With their initial observation, Zhao et al [2] demonstrated that an unexpected intervention, performed after ischemia during the first minutes of reperfusion, was capable of reducing infarct size by approximately 40%. In other words, 40% of the overall myocardial damage (infarct size) occurs after ischemia - that is, during reperfusion. This observation is apparently paradoxical: reperfusion can both protect and kill. Reperfusion protects simply because it prevents additional lesions that would have occurred if ischemia (and subsequent reperfusion) had persisted. It kills because reflow is associated with dramatic ionic and metabolic disturbances that overwhelm the endogenous defenses of jeopardized cardiomyocytes. Thus the final irreversible damage to cardiac tissue observed after a prolonged ischemiareperfusion represents the superposition, in nearly equal amounts, of irreversible damage occurring before re-opening of the occluded coronary artery (ischemic damage) on irreversible damage occurring just at the time of reflow (reperfusion damage) (Figure 2). According to studies performed in experimental preparations, the window of time during which protection by postconditioning could be triggered would be very narrow (longest duration less than 1 min). Whether a comparable time course applies to the


human heart remains to be determined, but it would represent valuable information in the targeting of therapeutic strategies in patients with current acute myocardial infarction.

Postconditioning in clinical practice

The initial study by Staat et al [4] was designed as a proof-of-concept study aimed at determining whether ischemic postconditioning was able to protect the human heart in a clinical setting that would be as close as possible to that of experimental preparations. Although the findings of the trial were very encouraging, key questions remain to be addressed, including: (1) does postconditioning afford a persistent limitation of infarct size?, (2) does postconditioning improve recovery of myocardial contractile function, left ventricular remodeling, and survival?, and (3) is postconditioning feasible in all patients with current acute myocardial infarction?

The protective effect of postconditioning has been assessed as the release of cardiac enzymes over the first 3 days of reperfusion. Complementary studies are required to determine whether myocardial salvage by angioplasty is maintained over time: infarct size should be measured several months after the acute event, by magnetic resonance imaging or single photon emission computed tomography. Investigations are currently in progress to determine whether ischemic postconditioning improves clinical outcomes. It remains to be determined whether postconditioning might reduce mortality.

If one admits that postconditioning may improve patients' prognosis and if the approach becomes widely used in daily practice, two options appear to be available: first, to use it as it is - that is, as an angioplasty intervention - or, secondly, try to extend its availability to all patients by means of a pharmacological mimetic.

Postconditioning by angioplasty is technically simple and safe. Additional studies may help to determine what would be the shortest, safest, most efficient postconditioning procedure. One may question whether there might exist a wider window of time (which is supposedly limited to 1 min in animal species) for triggering postconditioning in patients. It would be useful to determine whether comorbidities (eg, diabetes, lipid disorders, age, hypertension) might attenuate the degree of protection.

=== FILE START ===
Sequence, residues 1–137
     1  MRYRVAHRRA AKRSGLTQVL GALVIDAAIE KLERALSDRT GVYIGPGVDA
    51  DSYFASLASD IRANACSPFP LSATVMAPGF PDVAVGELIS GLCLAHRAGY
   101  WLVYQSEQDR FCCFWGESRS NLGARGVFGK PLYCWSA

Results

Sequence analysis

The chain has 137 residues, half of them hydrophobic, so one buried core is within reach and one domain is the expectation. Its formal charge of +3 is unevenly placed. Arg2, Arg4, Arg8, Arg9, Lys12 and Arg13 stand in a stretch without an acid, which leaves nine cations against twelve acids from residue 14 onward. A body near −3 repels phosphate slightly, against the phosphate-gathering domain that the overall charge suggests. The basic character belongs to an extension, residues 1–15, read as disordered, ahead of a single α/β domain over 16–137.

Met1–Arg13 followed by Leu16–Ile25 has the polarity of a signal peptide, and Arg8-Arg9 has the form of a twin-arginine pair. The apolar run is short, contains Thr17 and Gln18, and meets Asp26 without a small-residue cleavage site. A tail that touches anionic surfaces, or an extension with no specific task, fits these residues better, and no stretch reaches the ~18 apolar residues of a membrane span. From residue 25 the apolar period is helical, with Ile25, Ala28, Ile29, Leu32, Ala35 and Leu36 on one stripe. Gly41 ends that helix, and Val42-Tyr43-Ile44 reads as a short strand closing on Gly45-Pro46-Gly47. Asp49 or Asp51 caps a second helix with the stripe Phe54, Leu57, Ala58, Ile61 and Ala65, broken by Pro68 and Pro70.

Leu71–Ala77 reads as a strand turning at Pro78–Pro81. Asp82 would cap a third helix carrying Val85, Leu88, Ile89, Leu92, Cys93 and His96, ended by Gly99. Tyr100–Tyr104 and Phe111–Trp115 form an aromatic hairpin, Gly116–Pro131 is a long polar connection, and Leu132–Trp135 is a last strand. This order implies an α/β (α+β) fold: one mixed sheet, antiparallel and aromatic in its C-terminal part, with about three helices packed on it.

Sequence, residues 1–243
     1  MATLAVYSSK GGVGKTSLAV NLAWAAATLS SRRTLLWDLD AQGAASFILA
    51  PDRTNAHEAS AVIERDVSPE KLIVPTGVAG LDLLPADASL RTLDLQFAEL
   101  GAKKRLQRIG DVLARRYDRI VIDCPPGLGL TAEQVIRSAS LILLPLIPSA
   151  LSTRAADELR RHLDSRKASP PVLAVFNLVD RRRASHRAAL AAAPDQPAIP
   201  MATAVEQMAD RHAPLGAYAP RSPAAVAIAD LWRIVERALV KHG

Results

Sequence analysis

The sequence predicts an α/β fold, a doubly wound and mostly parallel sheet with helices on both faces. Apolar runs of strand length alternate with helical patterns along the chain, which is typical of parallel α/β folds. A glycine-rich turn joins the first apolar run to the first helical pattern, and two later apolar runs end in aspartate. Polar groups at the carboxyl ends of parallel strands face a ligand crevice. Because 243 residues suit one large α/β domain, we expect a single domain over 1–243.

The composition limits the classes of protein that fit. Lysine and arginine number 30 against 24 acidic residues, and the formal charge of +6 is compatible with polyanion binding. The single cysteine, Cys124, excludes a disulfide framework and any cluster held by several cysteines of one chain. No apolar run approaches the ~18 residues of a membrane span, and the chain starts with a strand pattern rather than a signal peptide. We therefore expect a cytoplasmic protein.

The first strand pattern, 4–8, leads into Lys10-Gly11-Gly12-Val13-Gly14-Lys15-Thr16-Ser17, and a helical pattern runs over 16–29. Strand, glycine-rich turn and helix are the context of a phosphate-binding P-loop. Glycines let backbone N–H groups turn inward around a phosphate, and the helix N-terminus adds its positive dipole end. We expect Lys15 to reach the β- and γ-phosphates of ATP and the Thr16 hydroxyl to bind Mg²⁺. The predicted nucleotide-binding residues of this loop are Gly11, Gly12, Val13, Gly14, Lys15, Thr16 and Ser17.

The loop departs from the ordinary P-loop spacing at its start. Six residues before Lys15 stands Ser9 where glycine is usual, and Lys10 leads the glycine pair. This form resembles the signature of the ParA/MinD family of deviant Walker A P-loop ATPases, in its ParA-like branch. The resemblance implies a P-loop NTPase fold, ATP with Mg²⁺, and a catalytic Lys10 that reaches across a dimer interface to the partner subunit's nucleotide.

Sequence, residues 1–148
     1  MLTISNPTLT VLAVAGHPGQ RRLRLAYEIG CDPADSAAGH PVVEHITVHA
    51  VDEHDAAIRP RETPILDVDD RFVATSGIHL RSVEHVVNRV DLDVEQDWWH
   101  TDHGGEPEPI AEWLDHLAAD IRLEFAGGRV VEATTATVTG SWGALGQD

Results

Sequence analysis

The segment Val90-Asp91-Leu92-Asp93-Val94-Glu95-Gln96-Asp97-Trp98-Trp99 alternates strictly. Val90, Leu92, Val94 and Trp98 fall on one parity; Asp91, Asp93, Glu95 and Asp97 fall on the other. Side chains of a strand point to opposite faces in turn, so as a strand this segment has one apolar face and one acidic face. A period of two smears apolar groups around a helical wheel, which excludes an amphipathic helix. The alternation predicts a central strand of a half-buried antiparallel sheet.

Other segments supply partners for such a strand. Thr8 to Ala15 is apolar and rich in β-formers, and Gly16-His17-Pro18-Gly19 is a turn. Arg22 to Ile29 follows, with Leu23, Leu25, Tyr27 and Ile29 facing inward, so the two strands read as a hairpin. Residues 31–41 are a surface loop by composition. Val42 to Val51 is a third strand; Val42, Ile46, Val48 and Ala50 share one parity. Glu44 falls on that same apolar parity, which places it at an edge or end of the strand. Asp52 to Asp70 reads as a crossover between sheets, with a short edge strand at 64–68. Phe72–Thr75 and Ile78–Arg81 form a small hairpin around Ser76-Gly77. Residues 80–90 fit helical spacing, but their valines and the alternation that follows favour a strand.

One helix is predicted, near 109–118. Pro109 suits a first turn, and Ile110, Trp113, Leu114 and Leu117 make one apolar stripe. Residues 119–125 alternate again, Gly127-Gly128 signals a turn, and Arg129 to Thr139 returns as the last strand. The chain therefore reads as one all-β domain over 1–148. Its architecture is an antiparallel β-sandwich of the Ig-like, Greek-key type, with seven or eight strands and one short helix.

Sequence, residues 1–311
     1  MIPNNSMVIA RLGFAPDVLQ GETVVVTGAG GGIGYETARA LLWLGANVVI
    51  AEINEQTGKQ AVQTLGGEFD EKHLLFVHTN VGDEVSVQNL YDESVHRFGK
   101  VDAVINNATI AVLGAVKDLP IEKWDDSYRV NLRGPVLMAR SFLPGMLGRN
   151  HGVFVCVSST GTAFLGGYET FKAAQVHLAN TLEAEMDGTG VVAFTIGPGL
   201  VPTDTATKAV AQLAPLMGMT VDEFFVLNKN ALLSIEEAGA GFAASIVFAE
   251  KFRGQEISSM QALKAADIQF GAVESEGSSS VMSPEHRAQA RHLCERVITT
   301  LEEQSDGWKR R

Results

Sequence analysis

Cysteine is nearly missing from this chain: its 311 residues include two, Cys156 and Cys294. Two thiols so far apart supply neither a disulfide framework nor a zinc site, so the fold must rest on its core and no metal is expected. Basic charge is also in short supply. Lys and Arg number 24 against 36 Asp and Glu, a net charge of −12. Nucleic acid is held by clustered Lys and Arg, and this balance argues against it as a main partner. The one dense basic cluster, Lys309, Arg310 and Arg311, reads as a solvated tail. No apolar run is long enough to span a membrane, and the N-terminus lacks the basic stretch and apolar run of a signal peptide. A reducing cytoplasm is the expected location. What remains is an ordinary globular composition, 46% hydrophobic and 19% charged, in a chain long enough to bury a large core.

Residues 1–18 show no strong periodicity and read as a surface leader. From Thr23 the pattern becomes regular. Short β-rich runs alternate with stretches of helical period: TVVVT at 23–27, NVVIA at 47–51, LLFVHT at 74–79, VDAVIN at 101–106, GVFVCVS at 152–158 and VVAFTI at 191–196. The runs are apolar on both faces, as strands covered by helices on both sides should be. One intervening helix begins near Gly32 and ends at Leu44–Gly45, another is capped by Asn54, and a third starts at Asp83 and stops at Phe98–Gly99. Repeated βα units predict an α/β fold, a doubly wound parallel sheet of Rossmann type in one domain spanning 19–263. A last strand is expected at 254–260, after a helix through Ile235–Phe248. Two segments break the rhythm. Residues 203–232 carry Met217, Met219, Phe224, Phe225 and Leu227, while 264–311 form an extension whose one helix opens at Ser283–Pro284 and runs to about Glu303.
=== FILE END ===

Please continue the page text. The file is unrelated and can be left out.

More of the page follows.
A large number of patients achieve reperfusion via thrombolysis; these patients cannot benefit from angioplasty postconditioning. There is then an obvious need for a pharmacological mimetic of ischemic post-conditioning. In view of the narrow window of time defined in experimental studies, one has to consider the possibility that such a postconditioning drug should be administered before reperfusion, in order to obtain significant drug plasma concentration at the time of coronary reflow. It could then be administered in all patients with current acute myocardial infarction, either as an adjunct to 52

thrombolysis, or even just before coronary angioplasty (in place of ischemic post-conditioning) (Figure 3).

A considerable amount of experimental research has been performed since the discovery of pre- and, more recently, postconditioning. Several molecular targets have been identified as key players in cardioprotection by pre- or postconditioning, including signaling pathways (eg, protein kinase C, phosphatidyl inositol 3-kinase, Akt, endothelial nitric oxide synthase, extracellular-signal regulated kinases 1/2, glycogen synthetase kinase 3b), and, more recently, processes at the level of mitochondria. Growing evidence suggests that a change in mitochondrial permeability is involved in lethal reperfusion injury [5]. At the onset of reperfusion after a prolonged ischemic insult, abrupt accumulation of Ca2+ in the matrix, and overproduction of reactive oxygen species, render the inner mitochondrial membrane permeable through the opening of a nonspecific mega-channel (called the ''permeability transition pore''). The opening of this pore, and the spread of permeability changes among neighboring mitochondria throughout the cardiomyocyte may at some point result in irreversible damage. In experimental preparations, pharmacological inhibitors of the mitochondrial permeability transition (including cyclosporin A) do reduce infarct size to an extent similar to that in ischemic postconditioning [6,7]. Current trials are under way to determine whether inhibition of the transition in mitochondrial permeability may limit infarct size in patients with current acute myocardial infarction.

Postconditioning represents a new major hope of improving the prognosis of patients with acute myocardial infarction.



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Year: 2016
City: Shymkent
Category: Medicine